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Electrical stimulation of the vestibular system as a treatment for Parkinson’s disease

A postgraduate research opportunity at the University of Otago.

Details

Close date
Saturday, 30 November 2019
Academic background
Health Sciences
Host campus
Dunedin
Qualifications
PhD, Master’s
Department
Pharmacology and Toxicology
Supervisors
Professor Paul F. Smith, Research Associate Professor Yiwen Zheng

Overview

For decades it has been speculated that Parkinson’s Disease (PD) is associated with dysfunction of the vestibular system, especially given that postural instability is one of the major symptoms of the disorder. Nonetheless, clear evidence of such a connection has been slow to emerge. However, substantial evidence of vestibulo-spinal reflex deficits now exists, in the form of abnormal vestibular-evoked myogenic potentials (VEMPs). Some studies suggest that the integration of visual and vestibular information in the limbic system and neocortex may be abnormal in PD.  In the last few years, a number of studies have been published which demonstrate that the neuropathology associated with PD, such as Lewy bodies, is present in areas of the central vestibular system such as the brainstem vestibular nucleus. As a result of this evidence, stochastic galvanic vestibular stimulation (sGVS), a form of electrical stimulation of the peripheral vestibular system, is being investigated as a potential treatment for PD, and a number of studies support this idea. The aim of this project is to investigate the efficacy and mechanisms of sGVS in an animal model of PD, using a combination of behavioural, electrophysiological and neurochemical methods. This knowledge will enable us to contribute to the development of novel treatments for PD in humans.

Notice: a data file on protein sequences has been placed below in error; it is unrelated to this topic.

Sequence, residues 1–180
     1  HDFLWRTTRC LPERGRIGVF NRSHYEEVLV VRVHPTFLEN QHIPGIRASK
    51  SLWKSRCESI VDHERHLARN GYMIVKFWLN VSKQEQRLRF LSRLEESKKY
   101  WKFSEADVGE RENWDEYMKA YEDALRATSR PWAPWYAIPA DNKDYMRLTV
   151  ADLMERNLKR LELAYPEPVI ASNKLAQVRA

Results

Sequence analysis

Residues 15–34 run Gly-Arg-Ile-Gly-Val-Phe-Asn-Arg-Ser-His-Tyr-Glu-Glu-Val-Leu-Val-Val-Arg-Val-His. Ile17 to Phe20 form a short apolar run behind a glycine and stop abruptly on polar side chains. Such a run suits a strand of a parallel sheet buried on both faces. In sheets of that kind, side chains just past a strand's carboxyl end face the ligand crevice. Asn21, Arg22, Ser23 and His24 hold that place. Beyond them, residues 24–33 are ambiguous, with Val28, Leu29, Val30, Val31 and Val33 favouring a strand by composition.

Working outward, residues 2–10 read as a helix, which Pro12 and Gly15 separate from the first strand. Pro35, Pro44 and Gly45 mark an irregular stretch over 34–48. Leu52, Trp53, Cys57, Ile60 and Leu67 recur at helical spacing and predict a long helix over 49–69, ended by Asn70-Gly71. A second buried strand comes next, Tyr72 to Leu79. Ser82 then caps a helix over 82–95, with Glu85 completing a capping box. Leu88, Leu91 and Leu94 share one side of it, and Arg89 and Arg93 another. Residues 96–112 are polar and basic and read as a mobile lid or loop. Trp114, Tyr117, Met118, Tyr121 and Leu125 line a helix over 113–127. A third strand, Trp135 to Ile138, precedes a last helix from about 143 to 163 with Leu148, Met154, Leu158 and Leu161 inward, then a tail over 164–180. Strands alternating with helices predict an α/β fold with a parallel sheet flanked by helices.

Contact

Professor Paul Smith
Tel   +64 3 479 5747
Email   paul.smith@otago.ac.nz